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A FRAGMENT. BY WALTER SCOTT.
The imperfect state of this ballad, which was written several years ago, is not a circumstance affected for the purpose of giving it that peculiar interest, which is often found to arise from ungratified curiosity. On the contrary, it was the Editor's intention to have completed the tale, if he had found himself able to succeed to his own satisfaction. Yielding to the opinion of persons, whose judgment, if not biassed by the partiality of friendship, is entitled to deference, he has preferred inserting these verses as a fragment, to his intention of entirely suppressing them.
The tradition, upon which the tale is founded, regards a house upon the barony of Gilmerton, near Lasswade, in Mid-Lothian. This building, now called Gilmerton Grange, was originally named Burndale, from the following tragic adventure. The barony of Gilmerton belonged, of yore, to a gentleman named Heron, who had one beautiful daughter. This young lady was seduced by the Abbot of Newbattle, a richly endowed abbey, upon the banks of the South Esk, now a seat of the Marquis of Lothian. Heron came to the knowledge of this circumstance, and learned also, that the lovers carried on their guilty intercourse by the connivance of the lady's nurse, who lived at this house of Gilmerton Grange, or Burndale. He formed a resolution of bloody vengeance, undeterred by the supposed sanctity of the clerical character, or by the stronger claims of natural affection. Choosing, therefore, a dark and windy night, when the objects of his vengeance were engaged in a stolen interview, he set fire to a stack of dried thorns, and other combustibles, which he had caused to be piled against the house, and reduced to a pile of glowing ashes the dwelling, with all its inmates.1
The scene with which the ballad opens, was suggested by the following curious passage, extracted from the Life of Alexander Peden, one of the wandering and persecuted teachers of the sect of Cameronians, during the reign of Charles II. and his successor, James. This person was supposed by his followers, and, perhaps, really believed himself, to be possessed of supernatural gifts; for the wild scenes which they frequented, and the constant dangers which were incurred through their proscription, deepened upon their minds the gloom of superstition, so general in that age.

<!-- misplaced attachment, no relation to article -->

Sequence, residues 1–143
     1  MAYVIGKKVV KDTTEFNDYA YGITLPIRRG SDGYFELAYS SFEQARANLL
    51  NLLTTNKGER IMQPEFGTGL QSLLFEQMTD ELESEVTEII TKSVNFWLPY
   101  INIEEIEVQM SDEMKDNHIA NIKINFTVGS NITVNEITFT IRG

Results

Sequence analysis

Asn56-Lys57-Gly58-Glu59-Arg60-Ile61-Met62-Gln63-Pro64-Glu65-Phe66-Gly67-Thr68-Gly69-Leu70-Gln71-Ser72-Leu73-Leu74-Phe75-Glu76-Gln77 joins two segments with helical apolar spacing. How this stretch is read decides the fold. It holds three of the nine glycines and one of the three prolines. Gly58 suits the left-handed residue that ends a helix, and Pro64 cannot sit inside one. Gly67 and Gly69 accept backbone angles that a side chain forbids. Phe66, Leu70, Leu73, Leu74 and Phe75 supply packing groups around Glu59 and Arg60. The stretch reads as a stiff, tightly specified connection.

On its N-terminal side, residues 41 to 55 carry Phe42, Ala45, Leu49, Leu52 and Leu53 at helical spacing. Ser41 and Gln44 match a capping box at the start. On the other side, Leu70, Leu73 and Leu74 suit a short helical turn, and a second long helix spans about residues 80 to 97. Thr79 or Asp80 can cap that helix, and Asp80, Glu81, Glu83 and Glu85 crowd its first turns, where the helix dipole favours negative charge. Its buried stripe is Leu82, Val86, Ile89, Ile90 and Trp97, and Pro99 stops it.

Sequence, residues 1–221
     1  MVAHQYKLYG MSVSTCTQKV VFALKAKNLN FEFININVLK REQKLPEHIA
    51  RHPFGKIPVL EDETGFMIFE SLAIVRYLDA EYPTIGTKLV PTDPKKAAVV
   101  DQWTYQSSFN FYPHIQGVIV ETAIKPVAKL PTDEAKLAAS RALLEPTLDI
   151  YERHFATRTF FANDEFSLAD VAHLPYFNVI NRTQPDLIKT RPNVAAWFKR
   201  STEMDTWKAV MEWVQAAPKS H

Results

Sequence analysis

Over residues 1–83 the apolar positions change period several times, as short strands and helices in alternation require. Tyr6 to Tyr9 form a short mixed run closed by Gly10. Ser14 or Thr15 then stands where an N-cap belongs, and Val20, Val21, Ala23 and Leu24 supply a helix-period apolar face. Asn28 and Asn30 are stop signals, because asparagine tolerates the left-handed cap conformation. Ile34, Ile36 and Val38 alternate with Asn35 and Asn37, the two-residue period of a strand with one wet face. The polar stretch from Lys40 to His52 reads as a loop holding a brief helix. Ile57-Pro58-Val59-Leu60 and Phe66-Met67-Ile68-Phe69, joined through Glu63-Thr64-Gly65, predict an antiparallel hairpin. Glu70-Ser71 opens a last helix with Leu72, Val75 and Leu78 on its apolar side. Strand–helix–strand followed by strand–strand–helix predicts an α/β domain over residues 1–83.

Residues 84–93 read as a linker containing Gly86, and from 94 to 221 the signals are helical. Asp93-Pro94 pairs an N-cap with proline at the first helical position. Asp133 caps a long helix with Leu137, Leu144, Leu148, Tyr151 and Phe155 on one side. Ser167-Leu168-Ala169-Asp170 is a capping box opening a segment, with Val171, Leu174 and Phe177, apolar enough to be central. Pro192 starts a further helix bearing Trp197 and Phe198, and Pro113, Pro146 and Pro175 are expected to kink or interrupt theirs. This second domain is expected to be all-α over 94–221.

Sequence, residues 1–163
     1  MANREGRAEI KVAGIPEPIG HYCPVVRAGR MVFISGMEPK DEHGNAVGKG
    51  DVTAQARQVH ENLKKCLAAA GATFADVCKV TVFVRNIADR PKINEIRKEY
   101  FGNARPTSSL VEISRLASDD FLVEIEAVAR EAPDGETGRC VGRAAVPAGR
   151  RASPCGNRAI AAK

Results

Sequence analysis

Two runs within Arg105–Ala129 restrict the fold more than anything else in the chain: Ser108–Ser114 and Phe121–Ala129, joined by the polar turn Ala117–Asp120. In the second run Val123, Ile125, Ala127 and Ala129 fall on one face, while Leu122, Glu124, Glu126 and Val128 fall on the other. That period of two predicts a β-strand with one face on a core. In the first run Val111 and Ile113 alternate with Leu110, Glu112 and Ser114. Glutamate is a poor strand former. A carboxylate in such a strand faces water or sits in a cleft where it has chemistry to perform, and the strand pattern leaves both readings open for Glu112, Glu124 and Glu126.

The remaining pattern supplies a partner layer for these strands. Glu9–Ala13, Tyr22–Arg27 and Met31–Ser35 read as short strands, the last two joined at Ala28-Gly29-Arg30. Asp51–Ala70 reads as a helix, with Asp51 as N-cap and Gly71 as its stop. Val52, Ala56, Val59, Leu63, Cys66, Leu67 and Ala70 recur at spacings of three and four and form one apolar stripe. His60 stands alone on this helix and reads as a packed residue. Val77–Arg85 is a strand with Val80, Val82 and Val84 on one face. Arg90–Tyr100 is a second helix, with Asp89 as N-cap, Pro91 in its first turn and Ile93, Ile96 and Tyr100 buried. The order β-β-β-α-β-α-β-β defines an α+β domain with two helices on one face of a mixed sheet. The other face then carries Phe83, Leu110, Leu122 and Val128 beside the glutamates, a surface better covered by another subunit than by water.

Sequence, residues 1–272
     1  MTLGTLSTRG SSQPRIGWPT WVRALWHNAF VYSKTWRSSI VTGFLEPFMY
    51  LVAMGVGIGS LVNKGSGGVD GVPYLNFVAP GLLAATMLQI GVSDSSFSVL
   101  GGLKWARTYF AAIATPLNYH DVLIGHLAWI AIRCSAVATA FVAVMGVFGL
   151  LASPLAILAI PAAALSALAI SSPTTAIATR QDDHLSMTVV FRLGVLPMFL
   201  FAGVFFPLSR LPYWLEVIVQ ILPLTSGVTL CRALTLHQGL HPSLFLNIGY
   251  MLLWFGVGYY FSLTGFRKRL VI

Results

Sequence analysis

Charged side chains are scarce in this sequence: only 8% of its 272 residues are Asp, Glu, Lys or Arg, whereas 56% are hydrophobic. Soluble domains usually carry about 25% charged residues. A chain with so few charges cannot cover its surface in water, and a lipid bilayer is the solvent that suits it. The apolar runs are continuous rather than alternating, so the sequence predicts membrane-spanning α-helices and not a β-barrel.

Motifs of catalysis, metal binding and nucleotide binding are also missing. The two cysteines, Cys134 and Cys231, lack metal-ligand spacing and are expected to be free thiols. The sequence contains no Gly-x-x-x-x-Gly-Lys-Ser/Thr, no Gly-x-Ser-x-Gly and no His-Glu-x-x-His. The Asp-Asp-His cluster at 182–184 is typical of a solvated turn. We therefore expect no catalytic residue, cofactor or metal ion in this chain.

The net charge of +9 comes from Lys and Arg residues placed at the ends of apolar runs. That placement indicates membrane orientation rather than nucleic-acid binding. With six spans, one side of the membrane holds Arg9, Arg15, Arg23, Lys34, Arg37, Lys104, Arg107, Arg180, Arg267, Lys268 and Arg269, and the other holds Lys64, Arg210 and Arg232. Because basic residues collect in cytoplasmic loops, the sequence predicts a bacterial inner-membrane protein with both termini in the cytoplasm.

1 This tradition was communicated to me by John Clerk, Esq. of Eldin, author of an Essay upon Naval Tactics, who will be remembered by posterity, as having taught the genius of Britain to concentrate her thunders, and to launch them against her foes with an unerring aim.
"About the same time he [Peden] came to Andrew Normand's house, in the parish of Alloway, in the shire of Ayr, being to preach at night in his barn. After he came in, he halted a little, leaning upon a chair-back, with his face covered; when he lifted up his head, he said, 'They are in this house that I have not one word of salvation unto ;' he halted a little again, saying, 'This is strange, that the devil will not go out, that we may begin our work!' Then there was a woman went out, ill-looked upon almost all her life, and to her dying hour, for a witch, with many presumptions of the same. It escaped me, in the former passages, what John Muirhead (whom I have often mentioned) told me, that when he came from Ireland to Galloway, he was at family-worship, and giving some notes upon the Scripture read, when a very ill-looking man came, and sat down within the door, at the back of the hallan [partition of the cottage]: immediately he halted and said, 'There is some unhappy body just now come into this house. I charge him to go out, and not stop my mouth!' The person went out, and he insisted, [went on,] yet he saw him neither come in nor go out."— The Life and Prophecies of Mr Alexander Peden, late Minister of the Gospel at New Glenluce, in Galloway, part ii. § 26.
A friendly correspondent remarks," that the incapacity of proceeding in the performance of a religious duty, when a contaminated person is present, is of much higher antiquity than the era of the Reverend Mr Alexander Peden."— Vide Hygini Fabulas, cap. 26. "Medea Oorintho exul, Atkenas, ad JEgewn Pandionis fclium devenit in hospitium, eique nupsit.
"Postea sacerdos Dianas Medeam exagitare
ccepit, regique negabat sacra caste facere posse, eo quod in ea civitate esset mulier venefica et scelerata; tunc exulatwt"
The Pope he was saying the high, high mass,
All on Saint Peter's day, With the power to him given, by the saints in heaven,
To wash men's sins away.
The Pope he was saying the blessed mass,
And the people kneel'd around,
As he kiss'd the holy ground.
And all, among the crowded throng,
Was still, both limb and tongue,
The holy accents rung.
At the holiest word he quiver'd for fear,
And falter'd in the sound—
He dropp'd it to the ground.